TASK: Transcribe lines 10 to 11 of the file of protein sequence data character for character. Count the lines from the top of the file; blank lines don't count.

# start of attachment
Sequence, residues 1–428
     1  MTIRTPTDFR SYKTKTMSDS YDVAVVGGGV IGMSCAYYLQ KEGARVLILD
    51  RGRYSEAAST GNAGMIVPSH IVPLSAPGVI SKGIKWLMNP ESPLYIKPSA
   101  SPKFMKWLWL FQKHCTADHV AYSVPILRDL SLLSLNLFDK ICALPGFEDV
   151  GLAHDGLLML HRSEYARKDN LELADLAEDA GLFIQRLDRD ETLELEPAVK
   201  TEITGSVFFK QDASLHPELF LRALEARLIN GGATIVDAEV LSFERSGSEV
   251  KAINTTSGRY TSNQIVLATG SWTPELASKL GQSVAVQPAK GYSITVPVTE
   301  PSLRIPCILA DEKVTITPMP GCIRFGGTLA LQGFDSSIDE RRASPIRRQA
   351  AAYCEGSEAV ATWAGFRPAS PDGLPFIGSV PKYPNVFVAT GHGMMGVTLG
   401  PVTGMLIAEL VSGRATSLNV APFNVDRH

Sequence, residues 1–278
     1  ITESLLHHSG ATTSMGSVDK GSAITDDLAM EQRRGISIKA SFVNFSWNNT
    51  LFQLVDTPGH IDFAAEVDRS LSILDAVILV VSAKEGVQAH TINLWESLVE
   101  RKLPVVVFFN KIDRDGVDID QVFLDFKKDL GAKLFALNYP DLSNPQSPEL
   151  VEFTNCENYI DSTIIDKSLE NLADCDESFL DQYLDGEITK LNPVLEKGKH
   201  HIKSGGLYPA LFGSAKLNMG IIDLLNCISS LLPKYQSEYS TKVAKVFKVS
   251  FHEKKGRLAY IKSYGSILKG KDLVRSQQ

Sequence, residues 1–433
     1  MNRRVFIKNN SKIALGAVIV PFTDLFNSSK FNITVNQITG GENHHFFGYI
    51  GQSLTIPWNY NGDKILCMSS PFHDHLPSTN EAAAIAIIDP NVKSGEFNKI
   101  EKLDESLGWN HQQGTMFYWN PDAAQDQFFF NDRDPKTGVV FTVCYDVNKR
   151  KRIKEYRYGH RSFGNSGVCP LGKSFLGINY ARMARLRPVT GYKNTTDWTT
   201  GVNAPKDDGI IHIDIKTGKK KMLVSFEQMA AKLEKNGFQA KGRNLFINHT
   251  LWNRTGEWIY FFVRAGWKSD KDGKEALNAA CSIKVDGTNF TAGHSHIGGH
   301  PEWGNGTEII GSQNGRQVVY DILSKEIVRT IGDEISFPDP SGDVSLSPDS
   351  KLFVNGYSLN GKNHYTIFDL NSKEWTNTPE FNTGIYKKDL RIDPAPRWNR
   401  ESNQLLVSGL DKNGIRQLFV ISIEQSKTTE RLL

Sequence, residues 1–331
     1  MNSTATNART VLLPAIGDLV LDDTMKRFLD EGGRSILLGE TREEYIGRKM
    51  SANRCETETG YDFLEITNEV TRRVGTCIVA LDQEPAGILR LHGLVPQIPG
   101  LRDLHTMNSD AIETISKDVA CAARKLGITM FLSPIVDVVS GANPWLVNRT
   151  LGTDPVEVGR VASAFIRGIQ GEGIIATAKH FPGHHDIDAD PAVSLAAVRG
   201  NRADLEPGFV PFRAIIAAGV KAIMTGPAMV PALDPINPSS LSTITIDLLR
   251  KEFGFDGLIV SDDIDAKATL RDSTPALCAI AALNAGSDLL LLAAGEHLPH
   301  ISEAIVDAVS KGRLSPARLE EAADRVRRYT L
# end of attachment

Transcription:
   401  PVTGMLIAEL VSGRATSLNV APFNVDRH

Sequence, residues 1–278